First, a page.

The art of wise investing

Castlestone Management anticipates a 40% rise in art prices over the next 24 months, as the art market continues to pick up from recent lows seen in Q2 2009.


Castlestone’s views are supported by its global macro research and fundamental analysis. The equities rally not only shows signs of improved market sentiment but also highlights an upward trend as equity prices are up by 70% from the collapse suffered in Q4 2008.

Equities is considered to be a key indicator when analysing trends in the art markets, as further research shows, art lags equities by six to 18 months, as noted by the Mei Moses All Art Index (; hence improved equity market conditions prove a favourable investment outlook in art investments.

Gold, also a key indicator, not only tracks wealth but like art is an unleveraged, irreplaceable real asset, which investors turn to as a safe haven in times of uncertainty. Gold has appreciated by 50% since its decline in November 2008, where prices were barely reaching the $700 levels.

Art offers investors the opportunity to diversify their portfolios away from traditional asset classes and the recent recovery has therefore increased sales volume. At the February Sotheby’s and Christie’s Impressionist & Modern and Contemporary Art auctions, sales were up by 153% in comparison with 2009 when markets where in sharp reversals.

The Art Market Confidence index has also reported a rise of 29.3%, to a six-week high, in line with the S&P 500 up by 5.15% in March. Castlestone expects prices to continue appreciating before consolidating in 2011.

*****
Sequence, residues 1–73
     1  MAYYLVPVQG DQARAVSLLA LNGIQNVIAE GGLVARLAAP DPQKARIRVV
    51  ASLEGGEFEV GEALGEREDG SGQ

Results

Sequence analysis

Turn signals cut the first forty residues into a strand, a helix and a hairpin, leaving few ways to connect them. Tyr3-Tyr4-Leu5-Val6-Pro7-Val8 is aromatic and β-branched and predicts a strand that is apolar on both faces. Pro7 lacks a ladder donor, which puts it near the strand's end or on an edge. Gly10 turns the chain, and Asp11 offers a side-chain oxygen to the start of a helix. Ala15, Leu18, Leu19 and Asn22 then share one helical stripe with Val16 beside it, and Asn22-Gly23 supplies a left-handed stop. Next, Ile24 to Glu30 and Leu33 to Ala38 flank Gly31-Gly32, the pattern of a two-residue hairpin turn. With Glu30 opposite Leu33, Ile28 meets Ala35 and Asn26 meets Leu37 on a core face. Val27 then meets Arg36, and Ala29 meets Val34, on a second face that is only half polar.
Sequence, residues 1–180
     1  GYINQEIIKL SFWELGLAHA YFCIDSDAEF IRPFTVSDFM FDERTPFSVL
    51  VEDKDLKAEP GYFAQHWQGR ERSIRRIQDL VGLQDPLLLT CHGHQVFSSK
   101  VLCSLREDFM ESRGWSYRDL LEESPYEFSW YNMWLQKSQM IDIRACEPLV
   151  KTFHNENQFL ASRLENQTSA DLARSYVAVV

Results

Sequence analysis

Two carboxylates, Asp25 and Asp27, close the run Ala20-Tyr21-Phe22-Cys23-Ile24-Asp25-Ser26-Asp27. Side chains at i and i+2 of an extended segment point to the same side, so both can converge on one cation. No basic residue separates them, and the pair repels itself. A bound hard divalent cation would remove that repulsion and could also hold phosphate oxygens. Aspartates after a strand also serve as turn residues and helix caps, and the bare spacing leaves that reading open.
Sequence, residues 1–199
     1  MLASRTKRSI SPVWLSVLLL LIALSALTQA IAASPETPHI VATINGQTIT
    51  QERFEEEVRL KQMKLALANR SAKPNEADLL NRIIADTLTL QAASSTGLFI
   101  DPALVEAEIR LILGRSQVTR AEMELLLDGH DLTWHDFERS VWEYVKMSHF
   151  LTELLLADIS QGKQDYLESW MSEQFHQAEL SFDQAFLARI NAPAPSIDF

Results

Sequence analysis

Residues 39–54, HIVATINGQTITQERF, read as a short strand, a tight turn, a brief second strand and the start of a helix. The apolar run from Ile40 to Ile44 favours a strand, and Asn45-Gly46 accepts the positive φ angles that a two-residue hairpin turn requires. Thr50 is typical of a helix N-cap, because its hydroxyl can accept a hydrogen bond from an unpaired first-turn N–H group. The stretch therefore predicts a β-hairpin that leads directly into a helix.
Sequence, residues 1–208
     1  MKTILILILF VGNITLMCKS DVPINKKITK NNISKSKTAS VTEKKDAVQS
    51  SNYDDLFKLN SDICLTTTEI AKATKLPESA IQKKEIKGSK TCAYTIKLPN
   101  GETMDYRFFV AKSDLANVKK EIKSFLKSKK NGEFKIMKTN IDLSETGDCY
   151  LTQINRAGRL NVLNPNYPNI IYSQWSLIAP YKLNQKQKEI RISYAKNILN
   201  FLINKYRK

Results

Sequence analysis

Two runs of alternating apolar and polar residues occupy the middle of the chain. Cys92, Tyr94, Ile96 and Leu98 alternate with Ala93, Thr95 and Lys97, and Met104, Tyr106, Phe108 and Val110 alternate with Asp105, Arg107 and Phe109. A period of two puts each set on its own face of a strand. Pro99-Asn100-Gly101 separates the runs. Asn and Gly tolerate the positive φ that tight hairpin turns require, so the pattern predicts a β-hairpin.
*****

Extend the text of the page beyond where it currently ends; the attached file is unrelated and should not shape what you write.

Castlestone Management is looking forward to highlighting positive returns for the Q1 2010, as the Collection of Modern Art Fund continues to benefit from the art market’s upturn in line with the AMR Post-War Art 50 Index which rose 1.88% in February.

Angus Murray, chief executive of Castlestone Management, refers to art as “an irreplaceable, unleveraged, real asset which responds well in a time when the possibility of inflation is on the horizon alongside the rapid decline of the real purchasing power of money. When the value of money falls, the value of assets rise, whether its art or gold."

The number of bidders at Sotheby’s New York Impressionist & Modern and Contemporary Art Evening auctions was up by 85% from Spring 2009 to Autumn 2009 as well as up 18% from the height of the art market boom in 2007 to Autumn 2009.  In February 2010,  Alberto Giacommetti’s “Walking Man I” sold for £65m, the highest price ever paid at auction and Yves Klein’s “Ant 5” sold for £4 million, nearly £3 million above its high estimate, manoeuvring the market of Yves Klein to a different level.

Wedbush’s upgrading of Sotheby’s stock from neutral to outperform further manifests the positive sentiment towards the art market recovery: “Improved global equity, commodity, and other financial markets have continued to drive up global wealth in recent months, hence the demand for art”. Christie’s deputy chairman, Amy Cappellazzo, was quoted as saying “Art is a safe bet for cash right now”.

* reprinted by permission from International Advisor, April 12, 2010; written by Angus Murray